Righteous Son (RBC Exclusive)
The Lost Abbey —San Marcos, California
[Barrel-Aged Old Ale - 10.75% ABV]
Most of our Rare Beer Club members will instantly recognize the names "Port Brewing" and "The Lost Abbey" and "Tomme Arthur"-the gifted brewer associated with both. All three have come to mean excellence in brewing and envelope-pushing, boundary-testing beers. We've had the good fortune of working with Tomme previously on several Rare Beer Club exclusives, and we're excited to bring yet another one to our members this month. The world's greatest beer writer, and Rare Beer Club founder, the late Michael Jackson, was a big fan of Tomme's beers, and we know he would have loved this month's Rare Beer Club exclusive: Righteous Son.
Lost Abbey's Righteous Son pours a deep, dark caramel-brown color, and offers prominent aromatics of dried dark fruits and dark caramel, alongside some ripe red fruits and berry character. The aroma never overwhelms, bringing plush amounts of fruit and heat and restrained caramel throughout. Hints of plum and wine grape emerge as this warms. On the palate, there's a nicely enlivening presence of fine-bubbled carbonation to this old ale, giving more vibrancy and presence overall. Generous degrees of dried red and dark fruits are a key pillar, providing a luxurious, fruit-leather-like undertone that brings together notes of caramel, licorice, sherry, nuttiness, toast, and the subtly sweet vanilla and almond of the barrels. As lux as a Belgian quad or abt, there's just a ton of layers to dig into with this beer, but it remains super drinkable and deliberate in its expression overall.
West Sixth Brewing — Lexington, Kentucky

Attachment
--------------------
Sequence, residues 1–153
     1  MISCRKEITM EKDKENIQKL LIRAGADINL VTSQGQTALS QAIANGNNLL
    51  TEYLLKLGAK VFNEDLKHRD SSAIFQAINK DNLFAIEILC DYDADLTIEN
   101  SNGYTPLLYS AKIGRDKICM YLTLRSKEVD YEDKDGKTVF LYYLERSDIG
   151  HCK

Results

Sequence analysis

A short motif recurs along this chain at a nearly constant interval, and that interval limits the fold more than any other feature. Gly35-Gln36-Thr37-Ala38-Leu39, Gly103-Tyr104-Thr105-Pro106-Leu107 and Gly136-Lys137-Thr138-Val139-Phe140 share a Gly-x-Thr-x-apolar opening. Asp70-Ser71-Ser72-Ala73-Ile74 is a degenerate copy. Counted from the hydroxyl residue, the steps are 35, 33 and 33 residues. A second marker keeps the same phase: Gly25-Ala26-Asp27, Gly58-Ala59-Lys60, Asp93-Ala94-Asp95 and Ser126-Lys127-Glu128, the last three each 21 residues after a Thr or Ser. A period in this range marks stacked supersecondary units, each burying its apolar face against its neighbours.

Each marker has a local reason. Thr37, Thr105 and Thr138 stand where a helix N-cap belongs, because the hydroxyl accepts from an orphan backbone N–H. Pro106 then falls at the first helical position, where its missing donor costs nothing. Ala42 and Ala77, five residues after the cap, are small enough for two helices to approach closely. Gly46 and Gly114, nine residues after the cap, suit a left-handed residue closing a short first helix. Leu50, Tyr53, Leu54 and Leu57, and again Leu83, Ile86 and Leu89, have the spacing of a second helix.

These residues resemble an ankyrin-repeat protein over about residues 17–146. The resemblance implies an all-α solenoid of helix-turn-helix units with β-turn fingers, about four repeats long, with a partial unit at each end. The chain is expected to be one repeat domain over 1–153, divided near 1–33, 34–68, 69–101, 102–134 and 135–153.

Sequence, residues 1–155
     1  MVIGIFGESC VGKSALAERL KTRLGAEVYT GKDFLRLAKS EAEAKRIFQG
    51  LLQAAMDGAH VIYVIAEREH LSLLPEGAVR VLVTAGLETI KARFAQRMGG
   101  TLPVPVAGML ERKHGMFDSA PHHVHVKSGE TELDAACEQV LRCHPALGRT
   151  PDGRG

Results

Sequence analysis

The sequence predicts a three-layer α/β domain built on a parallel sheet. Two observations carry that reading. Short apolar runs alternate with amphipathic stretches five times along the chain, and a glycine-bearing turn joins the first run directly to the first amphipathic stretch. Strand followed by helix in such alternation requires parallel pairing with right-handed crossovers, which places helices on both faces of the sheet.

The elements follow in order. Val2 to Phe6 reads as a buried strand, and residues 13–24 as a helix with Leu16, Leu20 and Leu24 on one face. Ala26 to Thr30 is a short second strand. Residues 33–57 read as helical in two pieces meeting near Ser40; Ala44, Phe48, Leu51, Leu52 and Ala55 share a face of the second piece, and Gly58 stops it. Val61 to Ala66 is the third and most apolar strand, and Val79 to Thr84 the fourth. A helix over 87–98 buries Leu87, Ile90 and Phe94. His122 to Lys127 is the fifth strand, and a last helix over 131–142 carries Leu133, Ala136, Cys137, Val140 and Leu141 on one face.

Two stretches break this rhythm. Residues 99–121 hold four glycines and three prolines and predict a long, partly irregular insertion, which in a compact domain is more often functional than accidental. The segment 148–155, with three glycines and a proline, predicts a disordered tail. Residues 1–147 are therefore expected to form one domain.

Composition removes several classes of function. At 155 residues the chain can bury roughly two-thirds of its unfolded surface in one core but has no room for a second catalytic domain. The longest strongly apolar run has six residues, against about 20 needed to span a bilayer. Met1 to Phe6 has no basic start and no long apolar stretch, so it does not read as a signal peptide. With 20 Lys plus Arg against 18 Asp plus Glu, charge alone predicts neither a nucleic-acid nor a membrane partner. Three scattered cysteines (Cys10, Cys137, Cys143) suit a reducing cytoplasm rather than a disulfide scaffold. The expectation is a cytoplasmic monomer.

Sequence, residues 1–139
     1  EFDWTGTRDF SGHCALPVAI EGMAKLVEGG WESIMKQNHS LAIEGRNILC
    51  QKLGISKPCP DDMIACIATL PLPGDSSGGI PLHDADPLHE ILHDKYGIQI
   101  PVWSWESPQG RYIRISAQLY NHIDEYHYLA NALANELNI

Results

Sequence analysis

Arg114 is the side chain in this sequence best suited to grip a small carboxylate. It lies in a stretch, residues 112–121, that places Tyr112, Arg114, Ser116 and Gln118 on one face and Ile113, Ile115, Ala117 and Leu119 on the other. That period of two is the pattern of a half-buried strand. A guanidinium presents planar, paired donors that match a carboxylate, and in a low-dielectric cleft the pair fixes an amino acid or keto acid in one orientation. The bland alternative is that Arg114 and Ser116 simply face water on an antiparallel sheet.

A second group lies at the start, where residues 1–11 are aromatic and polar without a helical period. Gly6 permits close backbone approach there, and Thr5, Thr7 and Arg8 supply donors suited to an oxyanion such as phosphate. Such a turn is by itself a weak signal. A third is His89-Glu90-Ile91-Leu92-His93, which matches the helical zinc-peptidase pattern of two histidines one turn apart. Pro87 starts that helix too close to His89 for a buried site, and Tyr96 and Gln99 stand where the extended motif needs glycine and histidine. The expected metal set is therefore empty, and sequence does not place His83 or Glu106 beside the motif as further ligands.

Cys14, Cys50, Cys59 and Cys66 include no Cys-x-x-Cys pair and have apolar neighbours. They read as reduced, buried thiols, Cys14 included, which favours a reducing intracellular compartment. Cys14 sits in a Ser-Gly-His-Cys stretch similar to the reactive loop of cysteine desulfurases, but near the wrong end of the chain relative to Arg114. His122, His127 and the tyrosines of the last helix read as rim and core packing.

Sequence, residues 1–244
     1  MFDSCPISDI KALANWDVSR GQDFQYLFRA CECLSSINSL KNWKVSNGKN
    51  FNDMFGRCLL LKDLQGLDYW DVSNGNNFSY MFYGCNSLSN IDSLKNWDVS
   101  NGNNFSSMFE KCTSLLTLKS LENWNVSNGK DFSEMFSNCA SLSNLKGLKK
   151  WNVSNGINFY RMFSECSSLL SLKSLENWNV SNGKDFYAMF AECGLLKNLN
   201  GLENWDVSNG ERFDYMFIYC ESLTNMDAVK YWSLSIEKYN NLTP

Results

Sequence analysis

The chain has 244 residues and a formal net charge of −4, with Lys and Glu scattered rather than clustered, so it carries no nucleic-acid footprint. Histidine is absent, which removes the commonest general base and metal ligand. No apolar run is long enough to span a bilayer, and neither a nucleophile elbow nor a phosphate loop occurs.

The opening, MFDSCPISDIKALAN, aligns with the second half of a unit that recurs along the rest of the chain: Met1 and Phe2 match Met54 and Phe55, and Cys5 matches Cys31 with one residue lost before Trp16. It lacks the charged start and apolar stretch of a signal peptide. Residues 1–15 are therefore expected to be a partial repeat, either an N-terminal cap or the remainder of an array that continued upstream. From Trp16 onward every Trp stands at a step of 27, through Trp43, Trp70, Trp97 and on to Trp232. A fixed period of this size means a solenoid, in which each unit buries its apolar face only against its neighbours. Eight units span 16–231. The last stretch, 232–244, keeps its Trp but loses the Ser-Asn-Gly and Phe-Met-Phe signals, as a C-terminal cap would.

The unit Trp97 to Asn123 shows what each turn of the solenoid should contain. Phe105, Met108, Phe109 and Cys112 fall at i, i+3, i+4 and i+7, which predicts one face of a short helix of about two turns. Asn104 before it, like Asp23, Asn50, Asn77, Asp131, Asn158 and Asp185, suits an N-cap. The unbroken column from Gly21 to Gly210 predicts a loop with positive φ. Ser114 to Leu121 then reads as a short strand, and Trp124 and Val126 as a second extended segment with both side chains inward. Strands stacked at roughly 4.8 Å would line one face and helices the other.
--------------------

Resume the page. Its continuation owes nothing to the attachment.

[Imperial Stout - 11% ABV]
West Sixth Brewing hit our radar pretty early on after they were founded in 2012, and this sustainability-minded brewery in Kentucky has been making some exceptional beers that see very modest distribution. From their core year-round IPA (packed with Cascade, Centennial, Citra, and Columbus hops) to more occasional offerings like their exceptional Christmas Ale and imperial stout releases, West Sixth has been continually knocking it out of the park. The brewery distributes solely in its home state of Kentucky and nearby Cincinnati, Ohio, but the local emphasis has also helped them grow in leaps and bounds over the past seven-ish years.
We love tracking down delicious imperial stouts that manage to stand out from the sea of them, and the West Sixth Snake Eyes just brought a ton of complexity along with an overall malt expression that felt like it occupied a lesser-explored part of the imperial-stout spectrum: leanly packed with cocoa and baker's chocolate and deeply roasted coffees, avoiding the sweeter terrain of milk chocolates and caramels. A lively amount of CO2 provides a good degree of lift, and, working with the overall dryness of this hefty stout, keeps it an absolute pleasure to drink. Lots of cocoa and dark chocolate form the crux of the initial landing, and this remains lightly bitter despite not having a particularly overt hop presence. It's appealing, burnt-bread-crust bitter. There's a toasty, dry-chocolate core that serves as the baseline to this stout, and (as noted) Snake Eyes avoids a good bit of the sweeter territory of other stouts in favor of deeper cocoa and berry terrain. A ripe cherry/currant note emerges clearly as this warms, beside some fruity, vinous heat, plus a fair bit of coffee and roasted nuttiness.